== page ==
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Were Iranian languages originally separated and more related to Slavic?

Iranian languages and Slavic languages have some similarities, such as the merger of aspirated sounds into unaspirated sounds, and the development of the consonant /z/. Historically, the settlements ...
Fatyanovo2022's user avatar
2 votes
0 answers
102 views

Does aspiration propagate to the following vowel?

My native language is Korean, which is notorious for its three-way distinction (plain vs. tense vs. aspirated) of (non-nasal) stops. As such, I tried to analyze my own pronunciation. Then I found that ...
Dannyu NDos's user avatar
2 votes
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176 views

Is there a standard(-ish) definition of affricate aspiration/VOT?

Is the frication of an affricate considered part of its aspiration? Or does the aspiration start at the end of the frication? And does voice onset time (VOT) measure aspiration (as defined by the ...
Nardog's user avatar
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Languages that have phonemic aspirated post-alveolar affricates

There are loads of languages that have voiceless post-alveolar affricate, tʃ. I am aware of languages that have phonemic voiceless plosives (e.g. Mandarin), but I am wondering if there are any ...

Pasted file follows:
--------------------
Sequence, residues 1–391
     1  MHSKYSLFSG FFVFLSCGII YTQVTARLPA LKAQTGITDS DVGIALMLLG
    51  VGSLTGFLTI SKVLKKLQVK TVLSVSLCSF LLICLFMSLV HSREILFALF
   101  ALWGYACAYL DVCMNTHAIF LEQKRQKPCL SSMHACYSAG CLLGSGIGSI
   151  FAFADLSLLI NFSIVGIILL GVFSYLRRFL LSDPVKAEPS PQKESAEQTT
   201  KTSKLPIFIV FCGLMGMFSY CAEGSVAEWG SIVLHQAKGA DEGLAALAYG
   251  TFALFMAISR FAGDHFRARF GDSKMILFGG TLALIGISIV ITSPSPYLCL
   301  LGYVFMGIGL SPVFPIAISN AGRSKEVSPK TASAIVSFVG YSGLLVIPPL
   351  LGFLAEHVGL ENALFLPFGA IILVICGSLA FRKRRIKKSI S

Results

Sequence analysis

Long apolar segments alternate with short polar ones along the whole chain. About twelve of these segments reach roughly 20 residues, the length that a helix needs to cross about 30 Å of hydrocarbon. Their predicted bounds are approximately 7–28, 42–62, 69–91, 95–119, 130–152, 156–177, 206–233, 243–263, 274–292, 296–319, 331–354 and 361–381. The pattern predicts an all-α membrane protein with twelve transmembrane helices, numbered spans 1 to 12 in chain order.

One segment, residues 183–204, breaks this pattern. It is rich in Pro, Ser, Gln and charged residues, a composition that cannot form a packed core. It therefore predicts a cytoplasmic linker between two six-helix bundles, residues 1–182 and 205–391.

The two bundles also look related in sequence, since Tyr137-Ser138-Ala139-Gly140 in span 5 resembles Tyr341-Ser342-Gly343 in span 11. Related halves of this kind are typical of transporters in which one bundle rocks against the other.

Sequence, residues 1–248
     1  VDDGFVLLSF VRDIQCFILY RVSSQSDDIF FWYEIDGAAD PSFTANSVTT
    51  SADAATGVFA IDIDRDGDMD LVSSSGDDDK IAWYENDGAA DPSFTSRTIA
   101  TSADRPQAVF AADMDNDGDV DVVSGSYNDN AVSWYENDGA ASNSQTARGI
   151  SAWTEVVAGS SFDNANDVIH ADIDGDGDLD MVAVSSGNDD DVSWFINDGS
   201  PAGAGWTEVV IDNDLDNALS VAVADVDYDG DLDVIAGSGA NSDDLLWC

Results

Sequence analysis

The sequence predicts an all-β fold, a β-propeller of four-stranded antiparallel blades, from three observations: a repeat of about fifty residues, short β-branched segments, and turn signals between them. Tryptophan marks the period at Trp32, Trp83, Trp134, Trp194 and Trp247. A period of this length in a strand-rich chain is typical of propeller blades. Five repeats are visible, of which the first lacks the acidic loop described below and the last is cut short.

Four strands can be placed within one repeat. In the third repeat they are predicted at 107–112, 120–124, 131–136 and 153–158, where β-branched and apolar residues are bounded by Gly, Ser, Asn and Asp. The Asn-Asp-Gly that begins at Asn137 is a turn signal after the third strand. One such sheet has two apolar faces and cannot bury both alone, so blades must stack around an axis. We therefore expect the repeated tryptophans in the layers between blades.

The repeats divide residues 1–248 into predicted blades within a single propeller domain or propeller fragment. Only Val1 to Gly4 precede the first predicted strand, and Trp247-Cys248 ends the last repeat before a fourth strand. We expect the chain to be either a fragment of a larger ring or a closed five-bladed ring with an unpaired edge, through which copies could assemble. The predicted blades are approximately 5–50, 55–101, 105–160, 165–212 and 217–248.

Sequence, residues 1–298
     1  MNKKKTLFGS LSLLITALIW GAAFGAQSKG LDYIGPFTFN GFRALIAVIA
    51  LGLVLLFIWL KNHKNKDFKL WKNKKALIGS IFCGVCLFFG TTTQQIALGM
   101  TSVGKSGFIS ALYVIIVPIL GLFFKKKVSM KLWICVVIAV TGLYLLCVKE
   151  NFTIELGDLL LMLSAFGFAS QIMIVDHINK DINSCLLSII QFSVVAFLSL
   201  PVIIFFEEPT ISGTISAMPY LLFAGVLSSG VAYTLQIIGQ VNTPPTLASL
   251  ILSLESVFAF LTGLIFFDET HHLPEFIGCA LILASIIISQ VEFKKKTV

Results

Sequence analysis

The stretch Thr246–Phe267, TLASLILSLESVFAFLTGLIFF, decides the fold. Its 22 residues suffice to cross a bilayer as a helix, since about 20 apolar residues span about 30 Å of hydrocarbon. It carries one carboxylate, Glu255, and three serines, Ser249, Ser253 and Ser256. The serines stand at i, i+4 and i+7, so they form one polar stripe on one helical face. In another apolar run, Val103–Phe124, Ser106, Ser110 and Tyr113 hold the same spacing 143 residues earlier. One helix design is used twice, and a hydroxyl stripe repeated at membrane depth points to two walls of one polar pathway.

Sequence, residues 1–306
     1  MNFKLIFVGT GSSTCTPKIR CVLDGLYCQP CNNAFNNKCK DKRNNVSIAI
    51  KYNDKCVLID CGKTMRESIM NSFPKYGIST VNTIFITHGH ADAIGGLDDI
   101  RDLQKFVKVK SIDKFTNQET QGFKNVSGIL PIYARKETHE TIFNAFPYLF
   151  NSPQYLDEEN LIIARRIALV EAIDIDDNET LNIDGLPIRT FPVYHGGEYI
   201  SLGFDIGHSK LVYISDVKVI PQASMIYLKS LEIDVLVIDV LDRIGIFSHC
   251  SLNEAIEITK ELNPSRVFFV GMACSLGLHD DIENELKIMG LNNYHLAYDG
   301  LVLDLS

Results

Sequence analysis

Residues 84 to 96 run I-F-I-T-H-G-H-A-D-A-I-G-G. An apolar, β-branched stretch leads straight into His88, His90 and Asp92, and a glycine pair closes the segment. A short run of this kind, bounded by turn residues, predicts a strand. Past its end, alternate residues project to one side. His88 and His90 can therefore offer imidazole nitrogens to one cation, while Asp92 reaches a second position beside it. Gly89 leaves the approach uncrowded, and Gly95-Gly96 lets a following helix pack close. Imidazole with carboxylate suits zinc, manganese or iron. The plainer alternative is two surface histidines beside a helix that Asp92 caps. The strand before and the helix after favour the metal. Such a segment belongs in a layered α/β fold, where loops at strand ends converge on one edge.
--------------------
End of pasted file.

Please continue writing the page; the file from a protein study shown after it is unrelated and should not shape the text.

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9 votes
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Why are voiceless plosives (p, t, k) unaspirated after /s/?

Take for example English voiceless plosives such as /p t k/ which are aspirated at the start of a stressed syllable and before a vowel as in kill, tar, pie: [kʰɪl] [tʰɑː(r)] [pʰaɪ] But after a ...
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1 vote
1 answer
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Is there a device that lets linguists measure aspiration?

Is there a device that lets linguists measure aspiration? I want to find out if languages in which aspiration can be the only difference between phonemes (e.g. Chinese) have more breath difference ...
MCCCS's user avatar
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Why there are few aspirated fricatives in the world?

Since there are many aspirated stops and affricatives in the world's languages, why there are few aspirated fricatives in the world? Are there any differences per se between them that make it hard to ...
C.K.'s user avatar
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Aspiration versus C+h cluster

Since there are languages with consonant clusters and languages with aspirated consonants, in principle there could be a language that has a surface contrast between [Ch] and [Cʰ]. Word-internally it ...
user6726's user avatar
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Are there any languages in which a simple puff of air (like blowing out a candle) is phonemic?